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The European Commission is still working on some technical specifications of the European Directive on the vaping products.

Two solution are being studies by the EU Commission

The EU TPD has imposed the presence of a leak-free filling system for e-cigarette tanks. “Given the toxicity of the nicotine-containing liquids used in electronic cigarettes and refill containers”, the drafters of the Directive deemed “appropriate” to ensure “that electronic cigarettes can be refilled in a manner that minimises the risk of dermal contact or accidental ingestion of such liquids.”

It is the Commission’s responsibility to achieve this objective with the preparation of technical standards.

In the current state of their work, the draft text (.docx) indicates that clearomizers and refill bottles are requested to meet one of two requirements in order to be legally marketed in the European Union.

  • First solution: the refill container possesses a non-detachable nozzle at least 1cm long, narrower than and that slots comfortably into the opening of the tank. The flow control mechanism is required to emit no more than 20 drops of refill liquid per minute when placed vertically.
  • Second solutiona docking system which only releases refill liquids when the electronic cigarette and refill container are connected.

Finally, refilling instructions, including graphic illustrations, must be provided to consumers. The width of the nozzle and of the clearomizer’s opening must be indicated to allow consumers to identify the compatibility between the bottles and the tanks.

AFNOR's pictogram showing the refill nozzle's external diameter
AFNOR’s pictogram showing the refill nozzle’s external diameter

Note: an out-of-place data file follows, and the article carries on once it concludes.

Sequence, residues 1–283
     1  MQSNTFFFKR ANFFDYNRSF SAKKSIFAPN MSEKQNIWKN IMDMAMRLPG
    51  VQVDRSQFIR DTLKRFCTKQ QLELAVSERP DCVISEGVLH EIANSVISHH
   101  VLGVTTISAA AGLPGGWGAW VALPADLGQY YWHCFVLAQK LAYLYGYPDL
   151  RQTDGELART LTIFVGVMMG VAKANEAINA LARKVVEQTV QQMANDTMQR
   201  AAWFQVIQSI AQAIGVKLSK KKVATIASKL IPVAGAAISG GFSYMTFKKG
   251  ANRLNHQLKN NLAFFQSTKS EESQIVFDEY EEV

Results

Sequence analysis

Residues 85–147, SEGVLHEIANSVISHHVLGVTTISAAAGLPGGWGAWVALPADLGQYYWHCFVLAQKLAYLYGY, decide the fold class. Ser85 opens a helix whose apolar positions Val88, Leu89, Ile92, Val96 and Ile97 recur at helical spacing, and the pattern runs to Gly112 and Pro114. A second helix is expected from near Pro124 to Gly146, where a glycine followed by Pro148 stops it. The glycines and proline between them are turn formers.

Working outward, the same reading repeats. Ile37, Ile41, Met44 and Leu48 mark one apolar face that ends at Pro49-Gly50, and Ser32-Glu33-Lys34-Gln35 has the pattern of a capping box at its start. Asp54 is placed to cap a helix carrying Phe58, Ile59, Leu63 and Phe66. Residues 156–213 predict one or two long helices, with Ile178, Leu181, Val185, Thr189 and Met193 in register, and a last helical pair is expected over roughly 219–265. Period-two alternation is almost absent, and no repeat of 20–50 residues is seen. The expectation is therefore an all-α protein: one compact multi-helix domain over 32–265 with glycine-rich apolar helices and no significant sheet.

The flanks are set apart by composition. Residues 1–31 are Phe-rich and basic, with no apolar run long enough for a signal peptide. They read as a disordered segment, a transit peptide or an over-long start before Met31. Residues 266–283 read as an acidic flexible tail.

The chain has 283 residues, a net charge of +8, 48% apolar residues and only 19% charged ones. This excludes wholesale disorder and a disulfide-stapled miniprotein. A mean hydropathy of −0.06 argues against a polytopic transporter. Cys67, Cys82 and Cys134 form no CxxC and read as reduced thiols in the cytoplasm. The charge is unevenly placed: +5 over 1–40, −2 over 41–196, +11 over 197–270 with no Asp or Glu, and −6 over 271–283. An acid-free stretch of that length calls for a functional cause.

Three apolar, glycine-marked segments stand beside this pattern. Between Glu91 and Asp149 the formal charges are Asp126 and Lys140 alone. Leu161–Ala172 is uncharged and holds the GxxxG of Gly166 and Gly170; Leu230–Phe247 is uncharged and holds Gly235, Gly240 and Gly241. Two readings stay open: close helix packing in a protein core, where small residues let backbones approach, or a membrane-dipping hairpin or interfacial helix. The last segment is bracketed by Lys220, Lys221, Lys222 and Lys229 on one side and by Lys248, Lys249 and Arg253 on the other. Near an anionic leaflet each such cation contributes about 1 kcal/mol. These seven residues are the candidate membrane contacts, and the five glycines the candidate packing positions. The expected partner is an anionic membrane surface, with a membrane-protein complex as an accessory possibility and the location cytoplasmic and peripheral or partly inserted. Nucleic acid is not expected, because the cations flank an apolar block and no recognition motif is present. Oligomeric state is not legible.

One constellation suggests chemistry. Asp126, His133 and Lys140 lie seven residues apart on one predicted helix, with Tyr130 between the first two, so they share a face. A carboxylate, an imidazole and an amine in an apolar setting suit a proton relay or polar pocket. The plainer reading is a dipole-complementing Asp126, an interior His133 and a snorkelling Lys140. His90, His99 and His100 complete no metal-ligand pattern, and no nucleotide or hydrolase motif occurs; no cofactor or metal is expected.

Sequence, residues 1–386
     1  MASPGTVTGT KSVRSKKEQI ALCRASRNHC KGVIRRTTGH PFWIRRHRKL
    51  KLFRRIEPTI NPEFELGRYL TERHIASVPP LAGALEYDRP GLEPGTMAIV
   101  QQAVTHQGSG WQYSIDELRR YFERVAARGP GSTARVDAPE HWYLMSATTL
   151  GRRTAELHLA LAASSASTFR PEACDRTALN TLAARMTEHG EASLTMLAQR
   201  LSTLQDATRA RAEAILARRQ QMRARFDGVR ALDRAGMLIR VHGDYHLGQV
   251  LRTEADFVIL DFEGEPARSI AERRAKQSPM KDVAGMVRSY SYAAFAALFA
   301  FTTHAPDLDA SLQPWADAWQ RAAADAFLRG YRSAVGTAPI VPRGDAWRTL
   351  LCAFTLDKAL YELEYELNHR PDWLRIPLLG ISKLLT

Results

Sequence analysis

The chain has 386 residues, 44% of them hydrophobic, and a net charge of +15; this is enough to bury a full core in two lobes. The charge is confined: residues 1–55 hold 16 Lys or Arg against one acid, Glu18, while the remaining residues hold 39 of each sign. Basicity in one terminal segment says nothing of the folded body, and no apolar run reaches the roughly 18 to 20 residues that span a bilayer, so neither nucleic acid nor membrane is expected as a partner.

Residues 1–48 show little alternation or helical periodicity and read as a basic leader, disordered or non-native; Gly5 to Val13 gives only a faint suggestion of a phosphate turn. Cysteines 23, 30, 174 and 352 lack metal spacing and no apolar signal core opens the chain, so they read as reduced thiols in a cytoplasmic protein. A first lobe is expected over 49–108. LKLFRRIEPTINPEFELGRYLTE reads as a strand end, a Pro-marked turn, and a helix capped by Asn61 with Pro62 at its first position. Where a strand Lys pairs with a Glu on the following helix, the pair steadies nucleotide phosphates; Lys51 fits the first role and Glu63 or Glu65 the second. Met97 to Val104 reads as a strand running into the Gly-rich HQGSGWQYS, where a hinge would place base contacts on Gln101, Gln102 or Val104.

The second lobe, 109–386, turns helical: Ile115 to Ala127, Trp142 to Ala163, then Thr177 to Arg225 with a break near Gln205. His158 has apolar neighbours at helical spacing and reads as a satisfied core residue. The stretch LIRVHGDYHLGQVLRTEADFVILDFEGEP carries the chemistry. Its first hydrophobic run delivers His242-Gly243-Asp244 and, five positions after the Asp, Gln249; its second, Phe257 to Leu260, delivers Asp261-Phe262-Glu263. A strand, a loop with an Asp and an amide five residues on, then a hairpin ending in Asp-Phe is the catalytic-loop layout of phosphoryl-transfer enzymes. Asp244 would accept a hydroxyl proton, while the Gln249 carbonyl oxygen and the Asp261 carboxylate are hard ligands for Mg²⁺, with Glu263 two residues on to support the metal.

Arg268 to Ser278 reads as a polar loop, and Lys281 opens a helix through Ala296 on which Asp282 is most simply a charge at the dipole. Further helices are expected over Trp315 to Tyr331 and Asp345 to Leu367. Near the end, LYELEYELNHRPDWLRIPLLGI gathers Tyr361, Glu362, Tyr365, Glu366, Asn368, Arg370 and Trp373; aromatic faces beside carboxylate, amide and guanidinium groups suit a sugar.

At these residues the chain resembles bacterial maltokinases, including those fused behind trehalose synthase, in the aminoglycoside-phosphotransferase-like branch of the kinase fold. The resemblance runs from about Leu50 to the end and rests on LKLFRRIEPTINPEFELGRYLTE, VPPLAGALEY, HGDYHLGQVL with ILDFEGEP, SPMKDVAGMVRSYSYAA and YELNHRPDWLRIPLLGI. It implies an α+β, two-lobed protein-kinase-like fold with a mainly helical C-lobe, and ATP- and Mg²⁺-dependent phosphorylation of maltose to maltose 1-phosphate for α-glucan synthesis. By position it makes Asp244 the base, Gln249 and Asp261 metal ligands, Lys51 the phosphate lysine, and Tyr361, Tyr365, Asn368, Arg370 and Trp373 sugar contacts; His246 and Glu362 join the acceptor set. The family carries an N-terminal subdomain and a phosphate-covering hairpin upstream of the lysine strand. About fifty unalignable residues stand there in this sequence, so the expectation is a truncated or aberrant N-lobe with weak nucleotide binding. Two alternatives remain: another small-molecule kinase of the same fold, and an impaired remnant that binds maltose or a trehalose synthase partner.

The first solution appears to be in agreement with the work carried out in France by the AFNOR on vaping products. It was proposed, for example, the maximum flow rate of 20 drops per minute and to indicate the external diameter of the refill nozzle.

  • RobC(UK)

    The First Solution is definitely not leak free as the displaced air has to vent out
    of the fill port and with the restricted flow, which will take 3 mins to fill a
    2ml tank, an overflow is much more likely. The impatient and those with
    painful joints, like myself, will likely resort to some form of mechanically
    pressurizing the refill container so it can be left unattended during the
    protracted refill process.

    The Second Solution gives no indication as to how it would deal
    with the air displaced from the device during filling or how it would prevent
    overfilling. Compliant refill containers would not be backward compatible with
    older devices that are still (legally) in use and users would likely resort to
    cutting open the container to bypass the fill mechanism, as would probably be
    the case from the restricted flow design of the First Solution.

    As the refill liquids that are permitted to be sold under the
    TPD are CLP cat 4 in toxicity (less than dishwashing detergent), this really is
    an inelegant solution to a problem that does not exist.